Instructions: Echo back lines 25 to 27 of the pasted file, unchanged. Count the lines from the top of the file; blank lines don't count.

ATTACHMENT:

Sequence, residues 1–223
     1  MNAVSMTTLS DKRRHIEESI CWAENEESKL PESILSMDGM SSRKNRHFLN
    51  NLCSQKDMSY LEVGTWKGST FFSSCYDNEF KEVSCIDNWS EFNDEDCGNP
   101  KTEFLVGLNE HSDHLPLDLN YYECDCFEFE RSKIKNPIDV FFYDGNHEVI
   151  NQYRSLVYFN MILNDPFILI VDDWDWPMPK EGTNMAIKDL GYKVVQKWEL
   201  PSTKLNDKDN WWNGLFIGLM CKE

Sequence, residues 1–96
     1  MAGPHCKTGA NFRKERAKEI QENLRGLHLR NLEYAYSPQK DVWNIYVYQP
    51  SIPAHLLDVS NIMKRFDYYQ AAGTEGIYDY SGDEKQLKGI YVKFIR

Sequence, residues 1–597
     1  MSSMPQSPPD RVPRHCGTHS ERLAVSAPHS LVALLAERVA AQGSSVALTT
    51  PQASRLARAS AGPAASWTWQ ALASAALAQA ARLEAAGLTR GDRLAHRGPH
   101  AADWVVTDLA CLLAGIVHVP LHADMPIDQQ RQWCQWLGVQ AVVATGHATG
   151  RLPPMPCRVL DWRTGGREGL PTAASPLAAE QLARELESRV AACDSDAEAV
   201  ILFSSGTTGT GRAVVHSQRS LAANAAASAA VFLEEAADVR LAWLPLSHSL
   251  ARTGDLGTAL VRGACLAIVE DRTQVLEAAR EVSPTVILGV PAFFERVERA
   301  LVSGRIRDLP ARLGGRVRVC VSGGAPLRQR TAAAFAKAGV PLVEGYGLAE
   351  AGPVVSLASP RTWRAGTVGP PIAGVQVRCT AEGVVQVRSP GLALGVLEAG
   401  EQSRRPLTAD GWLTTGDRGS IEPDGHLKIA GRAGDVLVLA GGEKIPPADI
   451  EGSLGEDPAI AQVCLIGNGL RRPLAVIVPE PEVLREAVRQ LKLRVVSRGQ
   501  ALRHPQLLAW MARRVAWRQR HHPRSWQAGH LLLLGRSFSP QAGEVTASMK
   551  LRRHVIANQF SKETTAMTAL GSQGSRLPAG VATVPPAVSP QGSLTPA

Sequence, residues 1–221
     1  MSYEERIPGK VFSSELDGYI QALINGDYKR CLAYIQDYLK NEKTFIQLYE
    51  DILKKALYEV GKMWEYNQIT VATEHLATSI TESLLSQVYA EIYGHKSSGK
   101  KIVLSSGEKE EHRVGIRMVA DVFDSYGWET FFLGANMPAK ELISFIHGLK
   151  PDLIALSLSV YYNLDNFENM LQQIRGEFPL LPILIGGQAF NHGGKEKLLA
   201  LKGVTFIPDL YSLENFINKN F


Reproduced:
    51  DILKKALYEV GKMWEYNQIT VATEHLATSI TESLLSQVYA EIYGHKSSGK
   101  KIVLSSGEKE EHRVGIRMVA DVFDSYGWET FFLGANMPAK ELISFIHGLK
   151  PDLIALSLSV YYNLDNFENM LQQIRGEFPL LPILIGGQAF NHGGKEKLLA